By Kendall Stewart, an Emerson College Graduate interested in writing, literature and publishing.
We all know that guy—the one who never leaves his dark bedroom, lit only by the blue glow from his computer screen. He is a gamer. Rather than exist in everyday society, he opts to stay in the realm of the Role Playing Game or RPG. He prefers to slay dragons and go on quests rather than hang out with friends or play sports. And that’s completely cool, right? To each his own?
But what about when this goes too far? Gaming can become an addiction. The definition, according to Wikipedia, is “excessive or compulsive use of computer or video games that interferes with daily life.” People who suffer from this addiction spend hours playing video games instead of hanging out with their friends because they want to; they do it because they have to. They become complete shut-ins and can end up losing all of their friends, doing poorly in school, and quitting all other activities. The game literally takes over their lives.
I have a friend who’s a gaming expert. He told me that RPGs, in particular, get people hooked.
“RPGs never end,” he explains. “The point of the game is an alternate, online reality, and there are millions of players online playing at the same time. This is different from normal video games where it is just you and the game for an hour or two. The game never ends so it is possible for people to keep on playing.”
The most popular of these RPGs is World of Warcraft, or WOW for short. In WOW the player creates a character and starts at level one. The player sends the character on quests so he or she can advance levels. The object of the game is to reach level eighty.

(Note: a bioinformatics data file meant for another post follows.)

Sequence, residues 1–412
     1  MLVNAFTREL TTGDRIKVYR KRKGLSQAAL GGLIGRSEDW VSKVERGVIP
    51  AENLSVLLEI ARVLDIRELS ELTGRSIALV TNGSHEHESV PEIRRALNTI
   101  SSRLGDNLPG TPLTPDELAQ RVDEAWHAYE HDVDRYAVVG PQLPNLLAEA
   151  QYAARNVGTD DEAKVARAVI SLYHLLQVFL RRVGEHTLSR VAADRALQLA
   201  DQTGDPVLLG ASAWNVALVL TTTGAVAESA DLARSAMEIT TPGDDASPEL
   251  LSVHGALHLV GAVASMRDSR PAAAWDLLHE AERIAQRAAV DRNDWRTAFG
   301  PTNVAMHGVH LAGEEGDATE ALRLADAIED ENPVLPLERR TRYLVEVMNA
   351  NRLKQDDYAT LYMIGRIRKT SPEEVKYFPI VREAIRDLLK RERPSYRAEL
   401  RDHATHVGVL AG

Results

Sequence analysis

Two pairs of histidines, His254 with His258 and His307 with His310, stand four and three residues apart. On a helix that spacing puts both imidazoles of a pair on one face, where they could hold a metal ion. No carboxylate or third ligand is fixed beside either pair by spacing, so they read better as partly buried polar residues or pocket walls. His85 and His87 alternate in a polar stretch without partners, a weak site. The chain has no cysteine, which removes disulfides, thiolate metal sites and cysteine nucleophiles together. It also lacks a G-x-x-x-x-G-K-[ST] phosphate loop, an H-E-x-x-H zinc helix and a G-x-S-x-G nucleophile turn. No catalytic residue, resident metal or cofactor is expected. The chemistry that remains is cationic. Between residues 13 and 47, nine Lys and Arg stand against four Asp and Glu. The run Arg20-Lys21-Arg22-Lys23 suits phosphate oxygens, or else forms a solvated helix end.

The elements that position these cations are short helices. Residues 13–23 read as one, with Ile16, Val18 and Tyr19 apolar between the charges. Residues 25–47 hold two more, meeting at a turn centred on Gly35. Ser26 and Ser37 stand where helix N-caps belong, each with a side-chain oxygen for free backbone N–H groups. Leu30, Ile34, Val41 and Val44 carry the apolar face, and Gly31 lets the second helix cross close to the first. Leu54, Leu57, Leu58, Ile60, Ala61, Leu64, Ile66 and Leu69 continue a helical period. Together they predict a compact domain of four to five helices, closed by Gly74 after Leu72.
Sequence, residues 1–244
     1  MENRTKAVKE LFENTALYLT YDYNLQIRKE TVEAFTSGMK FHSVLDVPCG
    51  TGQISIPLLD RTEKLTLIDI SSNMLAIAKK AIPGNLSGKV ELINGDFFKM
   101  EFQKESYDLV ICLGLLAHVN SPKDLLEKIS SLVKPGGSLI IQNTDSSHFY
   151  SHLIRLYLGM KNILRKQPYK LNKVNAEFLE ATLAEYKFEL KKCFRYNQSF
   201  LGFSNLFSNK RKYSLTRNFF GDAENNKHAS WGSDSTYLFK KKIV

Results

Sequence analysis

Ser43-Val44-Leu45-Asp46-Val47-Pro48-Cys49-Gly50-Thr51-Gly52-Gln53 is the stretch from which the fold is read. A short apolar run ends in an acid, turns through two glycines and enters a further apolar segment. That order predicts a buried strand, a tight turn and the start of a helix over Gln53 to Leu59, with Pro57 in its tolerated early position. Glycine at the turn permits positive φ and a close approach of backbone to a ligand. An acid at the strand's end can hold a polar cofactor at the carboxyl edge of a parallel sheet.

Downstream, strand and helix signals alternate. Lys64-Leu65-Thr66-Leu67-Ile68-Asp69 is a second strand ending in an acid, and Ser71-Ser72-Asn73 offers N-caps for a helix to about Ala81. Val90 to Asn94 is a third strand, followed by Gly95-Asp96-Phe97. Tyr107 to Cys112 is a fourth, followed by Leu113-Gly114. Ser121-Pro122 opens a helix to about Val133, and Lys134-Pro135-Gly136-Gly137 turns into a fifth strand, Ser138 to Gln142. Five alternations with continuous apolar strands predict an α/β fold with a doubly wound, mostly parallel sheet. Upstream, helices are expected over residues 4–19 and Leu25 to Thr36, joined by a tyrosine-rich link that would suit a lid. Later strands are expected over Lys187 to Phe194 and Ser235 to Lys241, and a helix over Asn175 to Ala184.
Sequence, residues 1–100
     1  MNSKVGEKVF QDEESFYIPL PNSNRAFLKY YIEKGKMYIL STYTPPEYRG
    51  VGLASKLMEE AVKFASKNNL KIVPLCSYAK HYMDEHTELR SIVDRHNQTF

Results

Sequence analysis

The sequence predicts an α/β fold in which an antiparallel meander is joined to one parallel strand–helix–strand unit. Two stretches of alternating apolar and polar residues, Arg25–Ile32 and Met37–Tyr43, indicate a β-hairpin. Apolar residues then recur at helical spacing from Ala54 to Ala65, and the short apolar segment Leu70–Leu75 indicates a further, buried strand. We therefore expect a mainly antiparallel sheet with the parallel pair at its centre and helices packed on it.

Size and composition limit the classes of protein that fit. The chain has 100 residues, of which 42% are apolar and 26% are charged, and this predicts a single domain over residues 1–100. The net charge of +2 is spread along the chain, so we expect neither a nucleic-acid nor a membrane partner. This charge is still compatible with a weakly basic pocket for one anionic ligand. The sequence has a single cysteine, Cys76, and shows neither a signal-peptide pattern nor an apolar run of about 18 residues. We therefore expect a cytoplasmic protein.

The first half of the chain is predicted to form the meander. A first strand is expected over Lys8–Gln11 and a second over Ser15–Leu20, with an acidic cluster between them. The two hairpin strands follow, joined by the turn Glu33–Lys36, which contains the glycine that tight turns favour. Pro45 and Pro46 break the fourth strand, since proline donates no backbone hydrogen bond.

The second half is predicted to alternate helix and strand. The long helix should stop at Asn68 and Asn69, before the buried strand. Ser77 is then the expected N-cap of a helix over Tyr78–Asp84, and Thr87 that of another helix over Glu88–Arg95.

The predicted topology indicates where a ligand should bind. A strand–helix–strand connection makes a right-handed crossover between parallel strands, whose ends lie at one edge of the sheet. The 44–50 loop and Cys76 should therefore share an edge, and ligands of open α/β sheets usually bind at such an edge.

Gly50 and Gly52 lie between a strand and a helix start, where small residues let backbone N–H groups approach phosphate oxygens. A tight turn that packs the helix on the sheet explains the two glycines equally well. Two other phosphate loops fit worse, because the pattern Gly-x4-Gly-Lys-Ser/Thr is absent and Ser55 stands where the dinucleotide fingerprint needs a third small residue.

But Blizzard, the company that makes WOW, keeps introducing more expansions, and with each expansion comes more levels. As long as more expansions are made the game will never end.
Sometimes gaming addiction, particularly to WOW, becomes such a problem that therapists are called in to join the game so they can communicate with the “addicts” and treat them through the game. That’s because the addiction is so powerful that the gamer can’t even leave the game to get to the therapist’s office! I don’t know if this is a good idea or a bad one. I suppose it makes sense to try to communicate with the addicts by joining the game, but I’m not sure if it’s really necessary.
Also, since I’ve never personally been addicted to video games, it’s hard to understand why they can be so compelling to people. I mean, a video game is not a chemical substance, and therefore your body cannot become addicted to it, really… can it? Why is it so hard to put down the control or turn off the monitor?
Last reviewed Nov 24., 2014.